What can’t be put simply is what Congress meant by requiring that the arising inference be “strong.” The circuits soon split on this issue and, eventually, found a constitutional issue in it, in an unusual way that isn’t described in the cert papers. In what some have characterized as the most defendant-friendly interpretation of the “strong inference” requirement, a complaint survives only if the defendant’s culpability is the most plausible inference that could be drawn from the allegations. The Sixth Circuit adopted and applied this construction en banc in 2001. Then, in 2005, while applying that construction, a Sixth Circuit panel suggested in dictum in a footnote that the “strong inference” standard might be unconstitutional, because it requires the court to weigh competing inferences, a role the Seventh Amendment reserves to the jury. The parties had not raised the issue, however, so the court didn’t decide it. Later, the Seventh Circuit, which had not yet construed the provision, relied on that footnote and avoided the constitutional concern by interpreting the provision to require only that the complaint allege facts “from which, if true, a reasonable person could infer that the defendant acted with the required intent.” That’s the case that’s on its way to the Supreme Court.
One possibility is religion. "Spare the rod, spoil the child" is a Biblical maxim, and in fact, some religious conservatives continue to promote spanking. However, based on my brief web-surfing of conservative Christian websites, it appears that even most religious conservatives believe spanking should be used rarely, that other forms of discipline should be preferred, and that spanking should never be administered in anger. I don't see the opposition to a proposed spanking ban as primarily based in religion.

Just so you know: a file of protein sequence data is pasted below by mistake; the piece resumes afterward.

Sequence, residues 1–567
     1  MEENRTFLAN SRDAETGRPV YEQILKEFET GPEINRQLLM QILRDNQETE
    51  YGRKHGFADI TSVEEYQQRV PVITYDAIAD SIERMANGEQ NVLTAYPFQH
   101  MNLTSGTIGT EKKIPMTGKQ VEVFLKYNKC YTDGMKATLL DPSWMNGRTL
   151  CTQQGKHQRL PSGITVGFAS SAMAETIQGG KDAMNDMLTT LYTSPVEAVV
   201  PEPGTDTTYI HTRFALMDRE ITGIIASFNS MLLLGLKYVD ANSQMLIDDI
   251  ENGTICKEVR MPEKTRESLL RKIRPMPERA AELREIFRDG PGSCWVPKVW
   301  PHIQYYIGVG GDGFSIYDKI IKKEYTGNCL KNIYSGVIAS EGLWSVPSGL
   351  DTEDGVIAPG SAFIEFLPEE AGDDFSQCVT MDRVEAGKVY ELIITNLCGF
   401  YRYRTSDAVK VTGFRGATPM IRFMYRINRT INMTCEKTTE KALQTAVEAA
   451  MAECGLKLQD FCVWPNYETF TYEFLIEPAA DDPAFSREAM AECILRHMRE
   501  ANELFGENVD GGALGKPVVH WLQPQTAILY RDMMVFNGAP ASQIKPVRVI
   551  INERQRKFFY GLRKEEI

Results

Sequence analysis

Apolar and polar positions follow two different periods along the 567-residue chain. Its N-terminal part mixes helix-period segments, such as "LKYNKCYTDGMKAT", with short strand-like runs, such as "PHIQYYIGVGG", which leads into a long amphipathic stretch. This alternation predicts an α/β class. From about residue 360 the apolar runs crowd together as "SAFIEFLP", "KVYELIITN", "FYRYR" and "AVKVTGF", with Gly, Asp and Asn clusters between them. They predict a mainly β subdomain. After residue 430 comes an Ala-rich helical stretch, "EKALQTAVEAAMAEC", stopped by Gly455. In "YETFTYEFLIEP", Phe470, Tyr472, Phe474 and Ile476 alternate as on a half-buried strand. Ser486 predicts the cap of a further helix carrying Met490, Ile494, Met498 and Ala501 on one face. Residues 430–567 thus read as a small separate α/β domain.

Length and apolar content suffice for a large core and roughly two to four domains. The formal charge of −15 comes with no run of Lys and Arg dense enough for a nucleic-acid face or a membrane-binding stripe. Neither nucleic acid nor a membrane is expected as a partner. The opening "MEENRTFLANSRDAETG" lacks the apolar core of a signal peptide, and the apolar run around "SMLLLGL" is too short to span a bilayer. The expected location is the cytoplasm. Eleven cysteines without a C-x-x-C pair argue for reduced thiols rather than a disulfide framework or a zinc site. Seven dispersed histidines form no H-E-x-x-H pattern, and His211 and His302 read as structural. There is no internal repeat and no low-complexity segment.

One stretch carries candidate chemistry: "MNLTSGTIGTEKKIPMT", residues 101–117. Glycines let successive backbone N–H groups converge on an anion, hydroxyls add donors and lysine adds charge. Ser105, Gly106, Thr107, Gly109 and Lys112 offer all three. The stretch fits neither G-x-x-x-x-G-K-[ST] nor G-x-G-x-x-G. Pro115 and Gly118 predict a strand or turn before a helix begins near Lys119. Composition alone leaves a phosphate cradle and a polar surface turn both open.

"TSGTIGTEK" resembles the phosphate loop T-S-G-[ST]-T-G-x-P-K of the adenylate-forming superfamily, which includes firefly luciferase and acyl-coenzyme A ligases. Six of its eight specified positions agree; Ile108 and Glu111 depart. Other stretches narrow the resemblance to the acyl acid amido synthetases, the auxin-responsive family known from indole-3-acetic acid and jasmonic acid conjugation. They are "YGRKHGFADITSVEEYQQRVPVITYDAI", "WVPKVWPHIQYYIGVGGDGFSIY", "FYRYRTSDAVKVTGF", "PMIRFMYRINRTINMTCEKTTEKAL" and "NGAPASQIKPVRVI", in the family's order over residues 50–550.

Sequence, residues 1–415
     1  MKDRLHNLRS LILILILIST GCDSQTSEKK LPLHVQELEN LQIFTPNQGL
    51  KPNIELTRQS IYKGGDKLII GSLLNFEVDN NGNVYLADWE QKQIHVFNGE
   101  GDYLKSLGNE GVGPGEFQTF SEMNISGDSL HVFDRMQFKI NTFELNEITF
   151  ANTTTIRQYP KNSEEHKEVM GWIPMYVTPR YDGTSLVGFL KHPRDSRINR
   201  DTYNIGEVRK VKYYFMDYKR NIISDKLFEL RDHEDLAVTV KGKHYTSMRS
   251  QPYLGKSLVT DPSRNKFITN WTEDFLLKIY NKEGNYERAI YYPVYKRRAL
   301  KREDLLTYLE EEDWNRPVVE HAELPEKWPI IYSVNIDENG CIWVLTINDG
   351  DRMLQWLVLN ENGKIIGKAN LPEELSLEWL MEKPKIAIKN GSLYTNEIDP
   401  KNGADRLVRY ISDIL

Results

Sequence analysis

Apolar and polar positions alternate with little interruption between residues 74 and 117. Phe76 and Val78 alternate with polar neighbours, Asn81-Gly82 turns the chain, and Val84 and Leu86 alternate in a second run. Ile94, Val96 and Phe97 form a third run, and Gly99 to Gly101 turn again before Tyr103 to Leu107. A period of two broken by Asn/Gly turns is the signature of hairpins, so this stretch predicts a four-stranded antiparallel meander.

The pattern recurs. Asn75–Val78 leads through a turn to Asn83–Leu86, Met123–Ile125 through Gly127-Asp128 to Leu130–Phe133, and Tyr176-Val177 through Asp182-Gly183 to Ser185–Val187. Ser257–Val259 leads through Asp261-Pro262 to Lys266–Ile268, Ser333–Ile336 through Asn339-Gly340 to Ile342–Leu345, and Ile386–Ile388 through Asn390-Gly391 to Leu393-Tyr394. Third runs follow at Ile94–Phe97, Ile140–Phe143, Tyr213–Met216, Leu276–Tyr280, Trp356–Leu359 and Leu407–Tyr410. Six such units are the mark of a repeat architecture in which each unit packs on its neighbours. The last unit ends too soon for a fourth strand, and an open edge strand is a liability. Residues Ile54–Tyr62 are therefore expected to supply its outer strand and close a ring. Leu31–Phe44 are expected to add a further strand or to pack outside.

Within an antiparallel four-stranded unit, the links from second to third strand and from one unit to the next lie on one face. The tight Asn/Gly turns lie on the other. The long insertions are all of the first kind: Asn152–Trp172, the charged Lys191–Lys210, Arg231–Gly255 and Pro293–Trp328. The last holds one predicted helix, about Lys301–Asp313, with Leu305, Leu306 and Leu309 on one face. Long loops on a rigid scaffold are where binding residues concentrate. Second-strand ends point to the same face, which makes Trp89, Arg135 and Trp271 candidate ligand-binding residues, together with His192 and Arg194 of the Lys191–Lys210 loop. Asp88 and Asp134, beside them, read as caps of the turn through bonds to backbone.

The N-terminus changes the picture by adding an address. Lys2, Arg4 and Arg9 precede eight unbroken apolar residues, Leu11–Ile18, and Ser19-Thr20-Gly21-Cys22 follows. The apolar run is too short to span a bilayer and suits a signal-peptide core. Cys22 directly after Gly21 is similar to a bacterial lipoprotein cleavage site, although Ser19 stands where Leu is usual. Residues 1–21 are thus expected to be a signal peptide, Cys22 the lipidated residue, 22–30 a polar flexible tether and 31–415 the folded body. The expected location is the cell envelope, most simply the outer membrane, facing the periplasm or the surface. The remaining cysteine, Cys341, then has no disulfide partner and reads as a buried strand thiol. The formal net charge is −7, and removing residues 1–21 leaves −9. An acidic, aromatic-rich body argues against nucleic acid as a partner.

My own guess, based on quoted statements of opponents of the proposed ban, is that opposition has less to do with its specifics than with general opposition to, for lack of a better term, "the nanny state." If the government can ban spanking, it can ban smoking in the home (probably worse for children's health than infrequent spanking), and even require that children be fed healthy food (which, as one conservative commentator helpfully explains, will make your kids gay.)